Wiebke von Carolsfeld

September 2019

How to survive the unthinkable? This is the question nine-year-old Tom has to face after witnessing his parent’s murder-suicide. After the horrific event, Tom refuses to speak. At first, he moves in with his childless Aunt Sonya, but she is ill equipped to deal with the traumatized boy. Before long, Tom is forced to move again, this time to Claremont Street in downtown Toronto, where he shares a run-down house with his mercurial Aunt Rose and his reckless yet endearing Uncle Will. As the seasons change, Tom’s silence becomes a powerful presence, allowing this fractured family to hear one another for the first time— and for Tom to finally find a home. Claremont is a gripping story of one family’s journey through grief and toward healing.

Cologne-based publisher Kiepenheuer & Witsch has secured the German and World rights for Claremont and are planning a 2021 publication date for the German edition.

Wiebke von Carolsfeld is a German-born writer and filmmaker living in Montreal. She has directed three critically acclaimed feature films (Marion Bridge, STAY, The Saver), winning numerous awards, including Best First Feature at TIFF and Sudbury, Canada’s Top Ten, Best Screenplay from the Chlotrudis Society along with nominations from the Canadian Screen Awards, the DGC, the AIFF, and the WGC. She is a renowned feature film editor and has taught classes internationally on screenwriting, filmmaking, and the creative process. Claremont is her first novel.

$21.95 | ISBN: 9781773900230

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What they say
"One of the best Canadian debuts of the year"
Ian McGillis

Opening a novel with such a shattering event might run the risk of overwhelming the rest of the book. Claremont avoids that pitfall because ultimately it’s about something else.

“A lot of movies and stories end with a huge climax, but for me it’s always been a question of what comes after,” von Carolsfeld said. “I’m not so much interested in the ‘why’ (of the murder-suicide). That’s a question that’s unsolvable, anyway. I’m interested in how people move on after something like this.”

One of those ways in Claremont is through occasional doses of levity, deftly woven into the kind of narrative that might appear resistant to such things.

“It’s a coping mechanism,” von Carolsfeld said. “I wanted it in the novel because it’s something we all need.”

October 4, 2019. Read more: Montreal Gazette

In Conversation: "Writing a novel is a lot of work!"
Karolin Tuncel,

You are known around the world for your enchanting movies. Now you are about to publish your first book entitled “Claremont”. What made you decide to express yourself in the form of a novel this time, instead of making another film?
Wiebke von Carolsfeld: I love film and the way images can express emotions, how actions reveal what is going on inside a character. I love the magic that happens when actors take your words and make them their own – but literature is unparalleled in its ability to allow us insight into the interior world of people. Claremont is about grief, about shifting interior landscapes in multiple characters after experiencing tragedy – and that is difficult to express in film. Additionally, Claremont is told from four different points of view (Tom, the child at the centre of the story, and then two of his aunts plus an uncle). Telling this story as a novel let me explore how the same event can feel so differently to people involved, depending on who they are in the world and how they experience themselves in it. Because of the interior nature of grief, telling this particular story as a novel made sense. Plus, I didn’t need a couple of million dollars to tell it. Film is very expensive and raising money to tell intimate stories like this is almost impossible, so expressing myself in prose made it possible for me to tell this story. I could just sit down and write it – though of course there is no ‘just’ when it comes to writing a novel.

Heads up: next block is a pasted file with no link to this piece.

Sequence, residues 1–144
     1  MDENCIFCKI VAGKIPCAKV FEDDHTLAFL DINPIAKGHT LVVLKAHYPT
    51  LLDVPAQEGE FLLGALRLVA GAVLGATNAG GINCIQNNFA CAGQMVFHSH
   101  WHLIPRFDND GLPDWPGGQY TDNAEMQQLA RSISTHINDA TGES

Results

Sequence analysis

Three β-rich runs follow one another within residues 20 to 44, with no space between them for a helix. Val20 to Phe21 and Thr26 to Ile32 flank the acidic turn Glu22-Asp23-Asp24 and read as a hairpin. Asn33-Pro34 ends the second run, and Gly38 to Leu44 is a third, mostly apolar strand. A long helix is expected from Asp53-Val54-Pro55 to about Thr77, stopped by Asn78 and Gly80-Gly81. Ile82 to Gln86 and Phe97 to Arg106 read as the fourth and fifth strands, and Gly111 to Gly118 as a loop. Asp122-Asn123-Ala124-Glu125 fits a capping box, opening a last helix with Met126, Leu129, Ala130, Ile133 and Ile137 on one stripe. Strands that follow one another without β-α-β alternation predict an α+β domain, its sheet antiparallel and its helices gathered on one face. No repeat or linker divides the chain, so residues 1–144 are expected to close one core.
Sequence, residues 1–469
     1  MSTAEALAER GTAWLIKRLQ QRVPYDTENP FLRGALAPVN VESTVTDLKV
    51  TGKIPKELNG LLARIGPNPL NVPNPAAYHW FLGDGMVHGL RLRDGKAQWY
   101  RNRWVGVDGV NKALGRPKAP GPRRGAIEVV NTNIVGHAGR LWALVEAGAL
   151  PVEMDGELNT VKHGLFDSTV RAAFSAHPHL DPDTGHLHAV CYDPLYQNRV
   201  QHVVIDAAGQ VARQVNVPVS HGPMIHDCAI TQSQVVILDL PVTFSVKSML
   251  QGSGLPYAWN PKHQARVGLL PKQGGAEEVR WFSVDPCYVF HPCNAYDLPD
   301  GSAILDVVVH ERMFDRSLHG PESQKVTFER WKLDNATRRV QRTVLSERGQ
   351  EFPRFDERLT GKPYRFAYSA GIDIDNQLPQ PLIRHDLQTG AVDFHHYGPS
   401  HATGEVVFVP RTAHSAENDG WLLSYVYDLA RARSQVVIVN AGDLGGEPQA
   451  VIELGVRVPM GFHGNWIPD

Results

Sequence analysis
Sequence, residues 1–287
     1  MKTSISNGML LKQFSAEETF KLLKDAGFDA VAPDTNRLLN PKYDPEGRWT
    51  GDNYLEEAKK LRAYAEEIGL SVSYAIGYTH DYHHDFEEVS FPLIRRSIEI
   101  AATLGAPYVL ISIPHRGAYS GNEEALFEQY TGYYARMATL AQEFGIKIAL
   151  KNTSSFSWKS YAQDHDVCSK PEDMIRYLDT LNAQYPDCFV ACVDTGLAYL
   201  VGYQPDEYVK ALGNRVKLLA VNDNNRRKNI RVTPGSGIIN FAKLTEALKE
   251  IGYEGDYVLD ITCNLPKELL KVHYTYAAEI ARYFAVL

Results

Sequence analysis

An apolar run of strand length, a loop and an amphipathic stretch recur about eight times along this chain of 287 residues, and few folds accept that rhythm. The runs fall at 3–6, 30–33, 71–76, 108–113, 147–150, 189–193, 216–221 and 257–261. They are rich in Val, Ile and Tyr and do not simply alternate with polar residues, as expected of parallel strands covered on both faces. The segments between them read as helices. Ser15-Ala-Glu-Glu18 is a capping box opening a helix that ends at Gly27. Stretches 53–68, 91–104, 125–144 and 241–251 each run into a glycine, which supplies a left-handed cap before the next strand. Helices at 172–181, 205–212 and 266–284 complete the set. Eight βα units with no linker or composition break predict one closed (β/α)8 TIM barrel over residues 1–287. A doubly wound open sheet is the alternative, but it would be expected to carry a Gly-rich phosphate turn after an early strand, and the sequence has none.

September 2019,


"Carolsfeld's characters are vivid"
Rachel Pisani, Quill & Quire

"Claremont, by filmmaker turned novelist Wiebke von Carolsfeld, is a novel about the emotionally messy Michajelovich family, all of whom come with their own baggage and their own techniques for lugging it through life."
September 2019, Quill & Quire

"A welcome surprise"
Jim Fisher, Miramichi Reader

"A very convincing and a very gratifying read. Family, trust, failures and regrets, and underneath it all, a young boy who was spared being part of a family murder-suicide. A laudable first book. I am adding it to the 2020 longlist for “The Very Best!” Book Awards for Best First Book (Fiction)."
September 2019, The Miramichi Reader

High praise

“This lovely, gripping novel, with its sense of wonder and horror about the adult world, has a Spielberg-ian quality. It is a resonant tale about a child’s loss of innocence, the terrible fracturing of a family and the purifying path to healing and reconciliation. 

Claremont is also an enormously impressive city-specific novel. Rarely has one funky part of Toronto been so brilliantly brought to life.”
John Doyle, Globe and Mail columnist and bestselling author.

"Wiebke von Carolsfeld brings the nuanced beauty and magic of her award-winning, highly acclaimed films to Claremont and the result is a passionate story of a fractured family brought together by catastrophe and trauma. The ways in which they do and do not meet the challenge of caring for the child at the centre of the tragedy is alternately funny, messy, revealing, and uplifting – and always deeply absorbing."
Edeet Ravel, author Ten Thousand Lovers

"Claremont is big-hearted and rollicking -- a hosanna to messy families and their underestimated resilience."
Sean Michaels, winner Giller Prize


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